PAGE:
Over the next several years, researchers receiving federal grants will need to comply with new requirements that the products of their research, including publications and unrestricted data, be made publicly available. Embargos may be available for delaying the release of publications, typically for 12 months. These requirements stem from the White House Office of Science and Technology Policy’s 2013 memo entitled “Increasing Access to the Results of Federally Funded Scientific Research.” The memo directs federal agencies with over $100 million in annual extramural R&D budgets to develop plans to make the publications resulting from federally funded research freely available to the public within one year of publication, as well as to make the data resulting from federally-funded research publicly accessible. [an up-to-date list of agencies who have released public access plans can be found here]
The Office of Science and Technology memo was released in response to increased calls for expanded public access to the results of federally-funded research and to better track the return on investment of research funding. In addition to expanding access, the public availability of funded publications and data will likely expand the visibility of researchers and institutions and promote collaboration among institutions and disciplines.
Federal funding agencies started rolling out their implementation plans in 2014. As of May 2015, fifteen agencies (including NSF, DOE, and DOD) have released initial plans for sharing publications and data. No two plans are the same. However, there are several similarities across agencies. All agencies are either adopting existing repositories (such as the National Institutes of Health’s PubMed Central) or building new repositories (such as the Department of Energy’s Pages) to house publications. In addition, all agencies now require data management plans for all newly funded projects and provide guidance for making the data underlying publications publicly available. The implementation timeline for agencies varies; while the Department of Energy began its implementation process in October of 2014, NSF’s requirement will take effect after January 2016.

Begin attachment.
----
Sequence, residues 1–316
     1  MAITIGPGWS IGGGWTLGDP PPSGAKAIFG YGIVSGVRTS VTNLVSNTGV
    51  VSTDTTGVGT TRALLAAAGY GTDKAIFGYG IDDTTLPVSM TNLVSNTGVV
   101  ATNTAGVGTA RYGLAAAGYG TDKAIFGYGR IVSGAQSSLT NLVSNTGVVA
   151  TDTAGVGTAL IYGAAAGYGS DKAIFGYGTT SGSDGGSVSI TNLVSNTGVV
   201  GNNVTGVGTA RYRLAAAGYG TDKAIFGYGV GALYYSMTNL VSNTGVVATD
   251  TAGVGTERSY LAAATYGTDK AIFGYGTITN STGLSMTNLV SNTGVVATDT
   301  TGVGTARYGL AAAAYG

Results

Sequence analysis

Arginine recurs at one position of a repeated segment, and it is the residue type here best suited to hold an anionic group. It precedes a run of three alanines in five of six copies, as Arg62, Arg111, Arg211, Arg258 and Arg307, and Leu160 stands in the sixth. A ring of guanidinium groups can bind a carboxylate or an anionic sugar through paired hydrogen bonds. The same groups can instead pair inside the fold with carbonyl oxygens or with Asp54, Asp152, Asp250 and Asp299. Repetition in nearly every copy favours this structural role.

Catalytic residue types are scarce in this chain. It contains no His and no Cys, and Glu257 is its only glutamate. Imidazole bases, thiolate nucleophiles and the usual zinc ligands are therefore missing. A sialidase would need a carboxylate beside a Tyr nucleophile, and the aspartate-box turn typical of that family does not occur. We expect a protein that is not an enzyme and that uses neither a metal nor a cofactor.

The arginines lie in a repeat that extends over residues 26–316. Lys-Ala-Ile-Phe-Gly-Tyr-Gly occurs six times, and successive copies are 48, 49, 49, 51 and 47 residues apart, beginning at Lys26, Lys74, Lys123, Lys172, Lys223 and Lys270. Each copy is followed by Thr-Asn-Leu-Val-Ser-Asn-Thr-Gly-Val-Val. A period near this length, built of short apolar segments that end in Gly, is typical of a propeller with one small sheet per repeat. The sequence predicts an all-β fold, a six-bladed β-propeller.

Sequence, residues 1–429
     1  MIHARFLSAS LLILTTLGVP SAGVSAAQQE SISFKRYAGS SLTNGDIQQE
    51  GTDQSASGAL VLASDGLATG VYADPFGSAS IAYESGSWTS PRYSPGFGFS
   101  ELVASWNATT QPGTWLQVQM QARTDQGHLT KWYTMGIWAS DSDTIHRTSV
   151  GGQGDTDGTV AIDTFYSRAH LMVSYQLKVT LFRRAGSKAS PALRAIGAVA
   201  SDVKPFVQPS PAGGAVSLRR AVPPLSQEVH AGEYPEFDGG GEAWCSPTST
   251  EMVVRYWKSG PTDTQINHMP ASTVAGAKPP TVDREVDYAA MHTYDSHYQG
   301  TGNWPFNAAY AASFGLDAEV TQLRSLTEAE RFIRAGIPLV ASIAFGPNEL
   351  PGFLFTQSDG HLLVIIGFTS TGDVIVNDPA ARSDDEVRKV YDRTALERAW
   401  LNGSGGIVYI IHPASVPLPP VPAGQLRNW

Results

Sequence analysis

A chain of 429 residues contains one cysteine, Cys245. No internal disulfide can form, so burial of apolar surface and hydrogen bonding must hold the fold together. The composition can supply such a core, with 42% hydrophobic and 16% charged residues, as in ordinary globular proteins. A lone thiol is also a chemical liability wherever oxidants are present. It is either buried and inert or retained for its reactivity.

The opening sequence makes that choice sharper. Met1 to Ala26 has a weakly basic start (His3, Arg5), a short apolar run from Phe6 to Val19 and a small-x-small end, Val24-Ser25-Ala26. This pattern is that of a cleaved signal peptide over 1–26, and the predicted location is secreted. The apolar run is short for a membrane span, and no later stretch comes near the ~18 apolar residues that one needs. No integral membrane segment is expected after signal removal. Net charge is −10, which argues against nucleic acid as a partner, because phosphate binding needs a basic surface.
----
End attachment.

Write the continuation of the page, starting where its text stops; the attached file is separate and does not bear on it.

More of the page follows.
Several groups on campus are monitoring the release of the new public access policies, including the Office of Research, Fondren Library, and Rice’s Research Data Management Team. Those interested in learning more about the Office of Science and Technology Policy memo, or who have questions about specific policies, are encouraged to email firstname.lastname@example.org.